On June 28 of this year, the U.S. Fish and Wildlife Service announced it would remove the bald eagle from the threatened list. Bald eagles now number 11,040 pairs in the continental U.S. – and they have returned to every state and the District of Columbia. Colorado has 65 pairs.
There were an estimated half-a-million bald eagles when the Pilgrims arrived, and the bird was adopted as the national symbol in 1782. However, bald eagles were unfairly branded vermin and a threat to livestock – as well as valued for their feathers. They were fed to hogs in Maine, shot from airplanes in California, poisoned in South Dakota and hunted under a 50-cent bounty in Alaska where 100,000 eagles were killed between 1917 and 1950.
The 1940 Bald Eagle Protection Act prohibited the taking, possession or commerce of eagles. But their habitat continued to be logged, plowed and converted to farmland and housing. Eagles were extirpated from many states long before the pesticide DDT became prevalent. DDT dealt the final blow, thinning their eggshells and that of other fish-eating birds, causing their eggs to break during incubation. By 1963 there were only 417 pairs in the lower 48 states. Their habitat finally received protection with the 1967 Endangered Species Act. The listing of bald eagles, Peregrine falcons and brown pelicans was a major factor in the decision to ban DDT in 1972.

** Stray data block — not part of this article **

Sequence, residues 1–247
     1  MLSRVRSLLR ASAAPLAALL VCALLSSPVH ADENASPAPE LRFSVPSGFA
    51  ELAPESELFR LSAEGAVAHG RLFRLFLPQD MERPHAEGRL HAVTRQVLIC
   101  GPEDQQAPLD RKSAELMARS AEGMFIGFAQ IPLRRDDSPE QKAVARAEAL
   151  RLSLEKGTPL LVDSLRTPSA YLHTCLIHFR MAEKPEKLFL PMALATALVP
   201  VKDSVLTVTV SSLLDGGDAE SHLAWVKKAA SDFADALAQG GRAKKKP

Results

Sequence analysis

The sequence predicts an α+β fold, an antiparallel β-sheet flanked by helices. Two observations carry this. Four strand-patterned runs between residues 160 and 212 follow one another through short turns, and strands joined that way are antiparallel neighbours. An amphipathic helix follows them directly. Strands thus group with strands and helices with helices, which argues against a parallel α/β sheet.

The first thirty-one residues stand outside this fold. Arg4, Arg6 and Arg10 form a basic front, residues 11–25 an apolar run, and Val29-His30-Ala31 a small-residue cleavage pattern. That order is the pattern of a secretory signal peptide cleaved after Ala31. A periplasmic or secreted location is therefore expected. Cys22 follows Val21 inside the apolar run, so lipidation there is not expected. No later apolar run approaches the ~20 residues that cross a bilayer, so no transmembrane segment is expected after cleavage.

Bald eagles commonly nested in and around Rocky Mountain National Park as late as the 1950s. By 1974, just one pair remained in the state. The population remained perilously low through the 1970s and 1980s, began growing in 1986 and reached a peak of approximately 65 pairs in 2006. One-third of Colorado's nesting bald eagles live east of the Continental Divide in the South Platte River watershed. Other breeding concentrations include the Yampa River upstream of Craig, the White River in the vicinity of Meeker, the Colorado River upstream of Kremmling, and La Plata and Montezuma counties.
As Colorado celebrates the bald eagle’s success, it is worth noting the other species in the state that the Endangered Species Act is rescuing. The whooping crane once ranged from Utah to Florida and the Arctic Circle to central Mexico. It declined to 54 birds due to hunting and habitat destruction, but the listing increased to 513 (145 captive) by 2006. Black-footed ferrets once numbered as many as 5.6 million but declined as their prey, the prairie dog, was poisoned, and its burrows destroyed. They were thought extinct by 1980, but reintroductions from a single discovered population in Wyoming have grown to 400 ferrets in six states and 400 in captivity. Mining pollution, dewatering of streams and non-native competition decimated runs of Greenback cutthroat trout. Nine populations have been multiplied to 23 self-sustaining populations in Colorado. The Arctic and American Peregrine falcon similarly rebounded from the ban on DDT and were delisted in 1994 and 1999, respectively.
Each of these unique and irreplaceable creatures, thanks to the Endangered Species Act, may yet have a chance.
Hodges is the Biodiversity Advocate for the Center for Biological Diversity, a non-profit conservation organization with 35,000 members dedicated to the protection of endangered species and wild places.